Suicide prevention (SUPRE)
- Every year, almost one million people die from suicide; a "global" mortality rate of 16 per 100,000, or one death every 40 seconds.
- In the last 45 years suicide rates have increased by 60% worldwide. Suicide is among the three leading causes of death among those aged 15-44 years in some countries, and the second leading cause of death in the 10-24 years age group; these figures do not include suicide attempts which are up to 20 times more frequent than completed suicide.
- Suicide worldwide is estimated to represent 1.8% of the total global burden of disease in 1998, and 2.4% in countries with market and former socialist economies in 2020.
- Although traditionally suicide rates have been highest among the male elderly, rates among young people have been increasing to such an extent that they are now the group at highest risk in a third of countries, in both developed and developing countries.
- Mental disorders (particularly depression and alcohol use disorders) are a major risk factor for suicide in Europe and North America; however, in Asian countries impulsiveness plays an important role. Suicide is complex with psychological, social, biological, cultural and environmental factors involved.
- Strategies involving restriction of access to common methods of suicide, such as firearms or toxic substances like pesticides, have proved to be effective in reducing suicide rates; however, there is a need to adopt multi-sectoral approaches involving many levels of intervention and activities.
- There is compelling evidence indicating that adequate prevention and treatment of depression and alcohol and substance abuse can reduce suicide rates, as well as follow-up contact with those who have attempted suicide.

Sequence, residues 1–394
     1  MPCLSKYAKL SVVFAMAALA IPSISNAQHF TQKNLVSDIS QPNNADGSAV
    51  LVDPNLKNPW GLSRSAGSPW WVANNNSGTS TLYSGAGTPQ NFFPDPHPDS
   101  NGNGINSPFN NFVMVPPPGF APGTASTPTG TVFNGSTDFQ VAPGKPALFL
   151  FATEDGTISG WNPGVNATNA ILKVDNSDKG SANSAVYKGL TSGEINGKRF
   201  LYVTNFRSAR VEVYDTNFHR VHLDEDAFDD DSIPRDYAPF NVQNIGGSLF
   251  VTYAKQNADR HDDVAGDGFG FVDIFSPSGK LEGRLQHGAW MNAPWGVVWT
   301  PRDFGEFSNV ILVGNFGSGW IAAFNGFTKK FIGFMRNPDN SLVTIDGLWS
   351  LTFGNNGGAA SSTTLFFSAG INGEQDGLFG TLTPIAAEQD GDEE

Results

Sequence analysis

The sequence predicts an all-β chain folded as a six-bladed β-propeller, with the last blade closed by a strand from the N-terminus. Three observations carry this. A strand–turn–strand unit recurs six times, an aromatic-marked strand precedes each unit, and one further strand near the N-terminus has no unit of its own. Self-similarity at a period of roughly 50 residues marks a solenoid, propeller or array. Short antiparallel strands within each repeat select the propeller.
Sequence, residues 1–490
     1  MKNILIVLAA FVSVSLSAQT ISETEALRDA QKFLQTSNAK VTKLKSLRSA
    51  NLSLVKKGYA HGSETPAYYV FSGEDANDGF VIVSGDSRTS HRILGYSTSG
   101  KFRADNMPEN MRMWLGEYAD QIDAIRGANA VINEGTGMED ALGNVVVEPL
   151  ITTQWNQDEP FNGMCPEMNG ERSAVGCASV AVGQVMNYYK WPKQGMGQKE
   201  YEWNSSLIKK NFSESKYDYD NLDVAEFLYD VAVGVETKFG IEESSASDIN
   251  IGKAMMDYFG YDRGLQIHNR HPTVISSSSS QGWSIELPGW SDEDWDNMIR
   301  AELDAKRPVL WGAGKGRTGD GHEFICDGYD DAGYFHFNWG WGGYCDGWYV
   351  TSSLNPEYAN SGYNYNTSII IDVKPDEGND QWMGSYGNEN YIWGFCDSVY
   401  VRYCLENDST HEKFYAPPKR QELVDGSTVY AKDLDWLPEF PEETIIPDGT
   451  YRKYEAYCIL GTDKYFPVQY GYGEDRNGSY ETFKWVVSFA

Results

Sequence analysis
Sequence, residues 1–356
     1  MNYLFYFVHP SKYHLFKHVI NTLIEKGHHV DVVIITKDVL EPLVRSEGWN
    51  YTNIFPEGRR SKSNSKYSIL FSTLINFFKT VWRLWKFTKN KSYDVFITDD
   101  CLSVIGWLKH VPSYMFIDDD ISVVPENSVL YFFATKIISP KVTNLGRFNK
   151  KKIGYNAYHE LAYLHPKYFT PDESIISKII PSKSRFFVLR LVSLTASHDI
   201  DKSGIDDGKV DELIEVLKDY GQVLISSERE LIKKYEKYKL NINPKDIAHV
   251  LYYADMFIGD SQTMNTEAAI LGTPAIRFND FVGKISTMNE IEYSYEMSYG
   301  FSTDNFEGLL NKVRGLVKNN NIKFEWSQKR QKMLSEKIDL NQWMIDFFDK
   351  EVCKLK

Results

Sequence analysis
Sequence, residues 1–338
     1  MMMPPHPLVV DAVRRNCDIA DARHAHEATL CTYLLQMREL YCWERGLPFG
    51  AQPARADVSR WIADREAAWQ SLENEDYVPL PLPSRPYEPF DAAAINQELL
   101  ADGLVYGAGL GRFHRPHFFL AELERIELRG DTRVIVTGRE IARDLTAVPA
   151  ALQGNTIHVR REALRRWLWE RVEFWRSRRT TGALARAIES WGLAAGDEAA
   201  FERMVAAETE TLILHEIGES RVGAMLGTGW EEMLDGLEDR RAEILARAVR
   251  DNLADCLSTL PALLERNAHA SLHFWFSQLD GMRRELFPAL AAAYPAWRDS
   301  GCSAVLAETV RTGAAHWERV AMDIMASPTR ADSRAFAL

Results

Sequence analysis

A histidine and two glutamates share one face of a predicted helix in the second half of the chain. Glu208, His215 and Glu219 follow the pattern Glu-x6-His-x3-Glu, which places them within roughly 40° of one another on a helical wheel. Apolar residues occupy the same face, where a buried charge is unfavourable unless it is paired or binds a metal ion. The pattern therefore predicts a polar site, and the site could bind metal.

Challenges and obstacles
- Worldwide, the prevention of suicide has not been adequately addressed due to basically a lack of awareness of suicide as a major problem and the taboo in many societies to discuss openly about it. In fact, only a few countries have included prevention of suicide among their priorities.
- Reliability of suicide certification and reporting is an issue in great need of improvement.
- It is clear that suicide prevention requires intervention also from outside the health sector and calls for an innovative, comprehensive multi-sectoral approach, including both health and non-health sectors, e.g. education, labour, police, justice, religion, law, politics, the media.
Framework for public health action
This document provides a resource to assist governments in developing and implementing strategies for the prevention of suicide as well as to help those that have already initiated the process of conceptualizing national suicide prevention strategies.
WHO Initiative on the Impact of Pesticides on Health: Preventing intentional and unintentional deaths from pesticide poisoning
- More information about the Initiative on the Impact of Pesticides on Health: Preventing intentional and unintentional deaths from pesticide poisoning
Preventing Suicide: a resource series
The booklets in Preventing Suicide: a resource series are addressed to specific social and professional groups that are particularly relevant to the prevention of suicide, including a resource for general physicians, media professionals, teachers, primary health care workers, prison officers, survivors, counselors, at work, and first line responders.
Suicide in mhGAP
Suicide is a priority condition in the WHO Mental Health Gap Action Programme (mhGAP).
- More information about mhGAP
- mhGAP Intervention Guide, including the self-harm / suicide module
- mhGAP Evidence Resource Centre
Multisite Intervention Study on Suicidal Behaviours (SUPRE-MISS)
Suicide Trends in At-Risk Territories (START)
The Suicide Trends in At-Risk Territories (START) study is managed by the WHO Regional Office for the Western Pacific (WHO/WPRO) with technical coordination by the Australian Institute for Suicide Research and Prevention (AISRAP), Brisbane, Australia, a WHO Collaborating Centre for Research and Training in Suicide Prevention.